“I can’t discuss the merits of the case,” said Helland, who explained that, as state’s attorney, he is by statute the legal representative of every county board member and, therefore, cannot legally advise one client to take legal action against another. In short, he said, giving an opinion on the appellate prosecutor’s information poses a conflict of interest.
He did, however, note the appellate prosecutor has declined pursuing a criminal case in the matter. That office, he said, will not take on a civil matter and the Illinois Attorney General will only get involved in a civil matter if the state is involved. As a result, the use of a special prosecutor is the only option remaining, Helland said.
He also reminded the board that, unlike in a criminal case where the burden of proof is beyond a reasonable doubt, in a civil trial it is only by a preponderance of the evidence – “50.1 percent more likely than not.”
Richard Joyce, who opposed the use of a special prosecutor, asked why a second special prosecutor should be retained to pursue the same matter. He asked if the findings again did not come back to the liking of certain board members if a third prosecutor would be sought.
Severson responded with a terse “no.”
“Someday we may need to stand before the public and say we spent X amount of dollars and got nothing,” Joyce said.
“It is like putting $100 in a slot machine and maybe getting back nothing except the slot machine telling us we now owe more money,” he added.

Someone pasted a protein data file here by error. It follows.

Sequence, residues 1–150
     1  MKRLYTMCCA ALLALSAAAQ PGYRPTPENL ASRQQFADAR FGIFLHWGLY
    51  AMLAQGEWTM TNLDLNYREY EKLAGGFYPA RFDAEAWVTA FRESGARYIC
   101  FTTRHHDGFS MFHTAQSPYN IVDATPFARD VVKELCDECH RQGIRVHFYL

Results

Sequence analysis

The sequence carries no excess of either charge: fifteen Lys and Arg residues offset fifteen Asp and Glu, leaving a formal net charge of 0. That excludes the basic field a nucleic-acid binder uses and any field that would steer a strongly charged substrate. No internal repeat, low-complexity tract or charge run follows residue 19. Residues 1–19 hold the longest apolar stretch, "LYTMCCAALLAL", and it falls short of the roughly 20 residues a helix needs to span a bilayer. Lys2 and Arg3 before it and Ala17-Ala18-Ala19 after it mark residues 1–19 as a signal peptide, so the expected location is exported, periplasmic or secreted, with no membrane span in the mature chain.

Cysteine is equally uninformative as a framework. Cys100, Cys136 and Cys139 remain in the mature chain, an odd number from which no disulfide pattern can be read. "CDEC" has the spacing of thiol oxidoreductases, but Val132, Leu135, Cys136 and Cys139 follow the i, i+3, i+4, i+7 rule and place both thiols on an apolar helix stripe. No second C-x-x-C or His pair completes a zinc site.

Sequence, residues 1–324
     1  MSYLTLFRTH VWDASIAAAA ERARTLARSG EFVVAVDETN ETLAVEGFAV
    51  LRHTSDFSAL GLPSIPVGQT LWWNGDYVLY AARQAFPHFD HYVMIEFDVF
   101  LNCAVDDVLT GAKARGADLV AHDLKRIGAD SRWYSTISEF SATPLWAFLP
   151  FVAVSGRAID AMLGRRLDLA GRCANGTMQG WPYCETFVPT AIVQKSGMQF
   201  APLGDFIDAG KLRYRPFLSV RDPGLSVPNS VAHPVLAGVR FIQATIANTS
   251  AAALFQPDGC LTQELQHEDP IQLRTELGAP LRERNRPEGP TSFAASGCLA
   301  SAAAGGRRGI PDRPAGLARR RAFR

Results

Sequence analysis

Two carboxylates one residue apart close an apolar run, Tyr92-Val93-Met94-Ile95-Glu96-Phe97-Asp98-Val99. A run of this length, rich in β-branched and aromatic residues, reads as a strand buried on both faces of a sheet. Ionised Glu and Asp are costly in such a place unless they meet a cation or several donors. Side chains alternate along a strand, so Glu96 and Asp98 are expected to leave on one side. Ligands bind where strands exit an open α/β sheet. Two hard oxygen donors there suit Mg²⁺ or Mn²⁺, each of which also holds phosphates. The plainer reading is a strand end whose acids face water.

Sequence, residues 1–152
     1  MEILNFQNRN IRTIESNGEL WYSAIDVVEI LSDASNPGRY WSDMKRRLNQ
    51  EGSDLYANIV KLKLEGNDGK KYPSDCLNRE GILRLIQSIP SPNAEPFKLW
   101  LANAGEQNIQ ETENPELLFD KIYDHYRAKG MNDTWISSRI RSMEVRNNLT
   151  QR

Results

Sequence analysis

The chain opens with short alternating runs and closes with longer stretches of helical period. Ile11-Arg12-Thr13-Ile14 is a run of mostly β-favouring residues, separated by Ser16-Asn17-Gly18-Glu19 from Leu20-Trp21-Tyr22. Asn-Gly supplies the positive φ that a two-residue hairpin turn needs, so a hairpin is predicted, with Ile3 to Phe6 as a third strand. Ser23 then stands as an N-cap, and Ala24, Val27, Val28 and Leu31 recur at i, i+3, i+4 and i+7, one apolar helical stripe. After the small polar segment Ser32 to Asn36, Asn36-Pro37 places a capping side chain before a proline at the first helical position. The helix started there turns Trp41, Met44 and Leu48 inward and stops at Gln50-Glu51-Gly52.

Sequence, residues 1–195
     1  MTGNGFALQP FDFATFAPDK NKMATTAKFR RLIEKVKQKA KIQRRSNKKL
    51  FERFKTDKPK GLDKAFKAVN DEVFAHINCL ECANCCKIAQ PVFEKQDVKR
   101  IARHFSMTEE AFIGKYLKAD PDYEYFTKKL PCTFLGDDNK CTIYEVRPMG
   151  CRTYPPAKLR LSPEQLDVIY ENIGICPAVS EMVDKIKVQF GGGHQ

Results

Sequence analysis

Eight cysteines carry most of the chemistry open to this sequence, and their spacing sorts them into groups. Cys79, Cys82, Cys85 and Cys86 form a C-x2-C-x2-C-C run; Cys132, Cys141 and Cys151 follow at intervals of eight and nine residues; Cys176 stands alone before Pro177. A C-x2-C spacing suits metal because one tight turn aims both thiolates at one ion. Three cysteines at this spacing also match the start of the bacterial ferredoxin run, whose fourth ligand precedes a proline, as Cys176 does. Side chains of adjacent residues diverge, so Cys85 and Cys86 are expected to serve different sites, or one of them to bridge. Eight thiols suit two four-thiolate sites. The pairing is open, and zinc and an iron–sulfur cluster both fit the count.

Jim Ryan, who also voted in opposition to the special prosecutor, asked if the county would be responsible for covering Halpin’s legal fees if a civil case were brought against him by the county.
“Are we going to spend $100,000 going after $10,000,” Ryan asked, noting he had heard several different amounts that Halpin is alleged to have been paid improperly.
“Mr. Halpin is afforded an attorney right over here,” Severson responded, indicating Helland and Rudman. He added that it was his understanding that if Halpin opted to use other counsel, he would be responsible for the cost.
Joyce, however, recalled an incident in the past where allegations were made against a trio of county board members, the matter was thrown out of court, and the county ended up being presented a bill to cover their legal expenses.
Other board members, in voicing support of a prosecutor, said that wrong is wrong and that even if 10 cents or $10 was the amount taken, no official should be allowed to get away with taking taxpayers’ money improperly.
“I don’t want to see someone who maybe has misappropriated funds not be held accountable,” said Vicki Geiger in casting her vote for retaining the special state’s attorney.
“We need to at least have it investigated, if not to find guilt, than innocence,” she said earlier. “When one department sees another getting away with it… it becomes a domino effect.
Once the matter came to a vote, Joyce and Ryan were joined by Ann Gill and John Galloway in voting against the special prosecutor, while 12 board members approved the move on a motion made by John Roth and seconded by Deb Warning.
It was noted Halpin was not present because, as in past years at this time, he is in Arizona.
“I want no one to prejudge anything,” Severson said. “Mr. Halpin has a presumption of innocence.”